The Ontario Auto Insurance Anti-Fraud Task Force recently released its Interim Report. One of the more interesting discussions in the report is the recommendation to consider licensing health clinics.
The Task Force found that in Ontario, there has been an “extraordinary increase” in the number of clinics submitting forms through HCAI over the past 18 months. The Task Force said it plans to consider whether a licensing and/or regulatory regime would make sense and, if so, what type of regime might be best suited to Ontario.
The report notes that some other jurisdictions require clinics providing health care services, including those that treat auto accident victims, to be regulated or licensed (owners and/or operators) to varying degrees. In September 2011, Hillsborough County, Florida, passed an ordinance requiring the licensing of any medical clinic that provides treatment or therapy to patients claiming injury due to an automobile accident.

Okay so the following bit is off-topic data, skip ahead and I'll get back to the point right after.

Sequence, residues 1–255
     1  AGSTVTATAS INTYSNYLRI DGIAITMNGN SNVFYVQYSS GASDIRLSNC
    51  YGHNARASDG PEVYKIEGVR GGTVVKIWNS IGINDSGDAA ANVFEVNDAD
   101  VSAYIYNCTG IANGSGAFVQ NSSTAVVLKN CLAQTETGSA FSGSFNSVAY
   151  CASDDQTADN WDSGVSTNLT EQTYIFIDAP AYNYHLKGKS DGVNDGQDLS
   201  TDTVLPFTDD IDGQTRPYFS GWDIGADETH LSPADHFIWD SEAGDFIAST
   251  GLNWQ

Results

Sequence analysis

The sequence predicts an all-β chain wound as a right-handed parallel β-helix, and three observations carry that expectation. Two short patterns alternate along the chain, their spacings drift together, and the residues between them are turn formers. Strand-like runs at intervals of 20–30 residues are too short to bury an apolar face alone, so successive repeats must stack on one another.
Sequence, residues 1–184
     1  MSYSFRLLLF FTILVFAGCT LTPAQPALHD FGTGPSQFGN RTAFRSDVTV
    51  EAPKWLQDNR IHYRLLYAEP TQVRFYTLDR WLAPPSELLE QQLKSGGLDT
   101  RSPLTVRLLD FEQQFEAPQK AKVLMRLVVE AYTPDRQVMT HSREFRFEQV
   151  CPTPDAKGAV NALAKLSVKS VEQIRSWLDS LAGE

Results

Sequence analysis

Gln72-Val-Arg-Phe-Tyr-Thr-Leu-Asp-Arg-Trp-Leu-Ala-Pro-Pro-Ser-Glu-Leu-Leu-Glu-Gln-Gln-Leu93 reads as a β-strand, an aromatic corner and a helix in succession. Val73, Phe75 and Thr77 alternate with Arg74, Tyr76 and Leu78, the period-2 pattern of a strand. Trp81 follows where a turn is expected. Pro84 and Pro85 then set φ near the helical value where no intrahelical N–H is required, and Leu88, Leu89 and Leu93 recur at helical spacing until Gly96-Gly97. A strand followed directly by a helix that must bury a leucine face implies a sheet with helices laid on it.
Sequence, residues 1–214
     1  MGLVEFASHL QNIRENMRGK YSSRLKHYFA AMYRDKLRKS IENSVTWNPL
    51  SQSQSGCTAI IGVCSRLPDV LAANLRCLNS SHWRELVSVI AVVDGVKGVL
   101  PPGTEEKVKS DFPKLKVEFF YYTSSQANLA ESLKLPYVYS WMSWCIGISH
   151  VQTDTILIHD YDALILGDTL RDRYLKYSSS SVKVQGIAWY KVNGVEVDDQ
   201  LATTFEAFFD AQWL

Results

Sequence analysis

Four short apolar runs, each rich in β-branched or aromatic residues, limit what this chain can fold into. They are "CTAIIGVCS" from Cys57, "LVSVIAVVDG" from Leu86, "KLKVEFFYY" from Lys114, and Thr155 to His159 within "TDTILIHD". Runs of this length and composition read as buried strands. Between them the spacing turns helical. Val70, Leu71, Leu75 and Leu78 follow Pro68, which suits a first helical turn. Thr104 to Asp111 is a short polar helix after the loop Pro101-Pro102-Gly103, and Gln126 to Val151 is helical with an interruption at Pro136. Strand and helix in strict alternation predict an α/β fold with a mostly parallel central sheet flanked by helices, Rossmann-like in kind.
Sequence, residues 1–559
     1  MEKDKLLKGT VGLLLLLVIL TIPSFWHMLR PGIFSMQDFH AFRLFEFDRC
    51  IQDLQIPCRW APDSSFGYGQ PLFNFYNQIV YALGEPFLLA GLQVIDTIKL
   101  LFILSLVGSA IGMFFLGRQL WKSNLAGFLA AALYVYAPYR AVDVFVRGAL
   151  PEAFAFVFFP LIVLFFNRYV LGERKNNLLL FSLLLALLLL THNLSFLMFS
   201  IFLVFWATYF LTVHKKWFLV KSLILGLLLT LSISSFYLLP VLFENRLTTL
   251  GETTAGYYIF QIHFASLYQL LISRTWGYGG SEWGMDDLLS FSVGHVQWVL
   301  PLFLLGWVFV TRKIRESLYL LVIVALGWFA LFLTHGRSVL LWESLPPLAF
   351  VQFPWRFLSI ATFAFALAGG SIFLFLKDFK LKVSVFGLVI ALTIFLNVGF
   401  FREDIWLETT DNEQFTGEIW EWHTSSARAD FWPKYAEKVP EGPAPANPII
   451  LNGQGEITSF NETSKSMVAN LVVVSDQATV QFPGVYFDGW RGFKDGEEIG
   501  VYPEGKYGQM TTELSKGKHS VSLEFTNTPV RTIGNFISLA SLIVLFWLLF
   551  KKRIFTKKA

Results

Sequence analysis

In Ontario, the Law Society of Upper Canada regulates paralegals, many of who are involved in the claims process at FSCO. It makes a lot of sense to also require clinics treating accident victims to apply to FSCO for licenses if they expect insurers to fund the services they provide. This would make clinics more accountable for the services they propose, while protecting claimants and insurers from rogue clinics.
Read the Interim Report.